The mouth swab drug test, which is also known as a saliva test or oral fluid test, collects a saliva sample from the inside of a person’s mouth. Mouth swab drug tests remain popular among employers for many reasons, one of which is because they are less expensive than other drug tests. They are also easy to administer (a swab of the inner cheek is the most common collection method) and often the sample collection can be done on-site which makes them quick and efficient. FDA-approved onsite swabs are available for testers to observe the specimen collection, making it hard to cheat; samples are then sent to the lab for screening and confirmation. This also reduces tampering, shy bladder, and any donor challenge later in the screening process.

Drugs take time to metabolize and pass through the system into urine, but saliva tests can detect use that has been extremely recent -- ranging from a few minutes to about 48 hours. This makes oral fluid testing ideal for a wide variety of testing situations.

DISA’s vendor partner is a pioneer of oral fluid technology and a leader in providing all of your oral testing needs and education.


Unlike other tests for drug consumption, alcohol tests can only show current levels of impairment or intoxication, but not past use. Breath alcohol tests are the most common form of alcohol testing in the workplace. Alcohol tests using this methodology are administered by having the person blow into a breathalyzer and the results are given as a number.


Mandatory alcohol and drug testing are required by the United States Department of Transportation for some occupations and industries. This mandatory testing includes occupations in trucking, pipeline, aviation, maritime, railroad, and transit employees in safety-sensitive occupations. For alcohol screenings, a Breath Alcohol Concentration (BrAC) result of 0.02 or higher will require a confirmation breath alcohol test within 15-30 minutes of the screening. Results of 0.02 or higher must be immediately reported to the employer. Results between 0.02 – 0.039, involve the employee being removed from safety-sensitive positions for a set period of time, which is determined by each DOT administration. Results of 0.04 or higher, consist of the employee being immediately removed from safety-sensitive duties and to undergo a DOT-specified substance abuse program before returning to a safety-sensitive position again.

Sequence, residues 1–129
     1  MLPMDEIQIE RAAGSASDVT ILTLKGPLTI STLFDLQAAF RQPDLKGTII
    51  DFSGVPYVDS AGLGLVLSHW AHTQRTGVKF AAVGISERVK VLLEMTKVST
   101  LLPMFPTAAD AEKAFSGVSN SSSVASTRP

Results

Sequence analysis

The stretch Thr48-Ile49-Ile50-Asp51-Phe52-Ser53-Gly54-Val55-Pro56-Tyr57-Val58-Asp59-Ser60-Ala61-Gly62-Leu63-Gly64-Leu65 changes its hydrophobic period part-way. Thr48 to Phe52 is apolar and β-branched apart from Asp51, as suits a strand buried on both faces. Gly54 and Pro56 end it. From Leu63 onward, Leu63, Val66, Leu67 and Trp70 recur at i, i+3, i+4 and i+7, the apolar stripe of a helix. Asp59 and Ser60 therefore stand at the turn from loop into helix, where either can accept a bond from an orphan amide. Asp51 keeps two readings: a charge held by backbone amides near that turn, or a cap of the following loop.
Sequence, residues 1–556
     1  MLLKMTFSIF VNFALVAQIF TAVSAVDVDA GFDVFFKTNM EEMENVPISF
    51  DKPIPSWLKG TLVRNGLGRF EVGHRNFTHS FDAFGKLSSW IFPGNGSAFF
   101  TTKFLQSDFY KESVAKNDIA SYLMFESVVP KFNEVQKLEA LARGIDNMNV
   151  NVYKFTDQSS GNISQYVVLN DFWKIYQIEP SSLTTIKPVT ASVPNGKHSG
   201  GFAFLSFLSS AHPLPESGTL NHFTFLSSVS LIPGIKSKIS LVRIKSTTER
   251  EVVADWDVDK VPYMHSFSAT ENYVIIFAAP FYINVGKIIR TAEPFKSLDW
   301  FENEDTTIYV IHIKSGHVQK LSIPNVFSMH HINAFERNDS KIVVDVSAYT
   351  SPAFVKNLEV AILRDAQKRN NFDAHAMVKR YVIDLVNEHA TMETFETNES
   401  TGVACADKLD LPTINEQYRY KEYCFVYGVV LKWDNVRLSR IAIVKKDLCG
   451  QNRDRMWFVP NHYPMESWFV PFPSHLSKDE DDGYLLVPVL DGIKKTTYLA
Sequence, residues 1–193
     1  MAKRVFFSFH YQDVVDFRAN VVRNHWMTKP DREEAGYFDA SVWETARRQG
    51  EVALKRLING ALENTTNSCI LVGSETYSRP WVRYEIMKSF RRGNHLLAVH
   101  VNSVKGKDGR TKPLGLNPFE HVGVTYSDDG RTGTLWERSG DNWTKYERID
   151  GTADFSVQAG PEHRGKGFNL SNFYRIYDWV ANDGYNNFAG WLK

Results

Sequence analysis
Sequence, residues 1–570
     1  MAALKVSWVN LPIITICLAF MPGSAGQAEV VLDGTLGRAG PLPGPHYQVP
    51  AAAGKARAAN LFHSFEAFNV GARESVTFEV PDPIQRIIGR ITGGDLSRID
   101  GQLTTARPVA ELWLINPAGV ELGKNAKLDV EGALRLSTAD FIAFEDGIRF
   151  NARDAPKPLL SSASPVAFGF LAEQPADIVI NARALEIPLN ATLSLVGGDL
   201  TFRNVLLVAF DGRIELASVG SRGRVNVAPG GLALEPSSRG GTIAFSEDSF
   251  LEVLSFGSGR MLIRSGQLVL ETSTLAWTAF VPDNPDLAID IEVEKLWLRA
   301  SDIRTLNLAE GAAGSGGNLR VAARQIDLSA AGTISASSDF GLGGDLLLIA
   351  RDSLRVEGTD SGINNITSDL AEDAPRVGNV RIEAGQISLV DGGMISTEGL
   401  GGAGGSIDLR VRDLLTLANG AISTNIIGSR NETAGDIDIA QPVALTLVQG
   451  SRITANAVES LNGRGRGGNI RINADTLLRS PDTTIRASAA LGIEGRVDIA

With drug addiction affecting many companies, most employers are wondering what they can do to help their employees and protect their companies. Early recognition of drug use in the workplace can prevent significant personal, health, and professional consequences. Listed below are possible signs of substance abuse.


  • Personality change
  • Irritability
  • Drunk/intoxicated at social events
  • Frequent tardiness
  • Increased customer complaints

  • Mood swings/anxiety
  • Erratic or decreased performance
  • Social withdrawal
  • Problems with law enforcement
  • Sudden decrease in work productivity


  • Disheveled appearance
  • Change in diet
  • Unexplained minor injuries
  • Addition of long sleeves

  • Unexpected weight loss
  • Smell of alcohol
  • Needle marks
  • Signs of intoxication or withdrawal e.g. slurred speech, tremors, excessive sweating, dilated or pinpoint pupil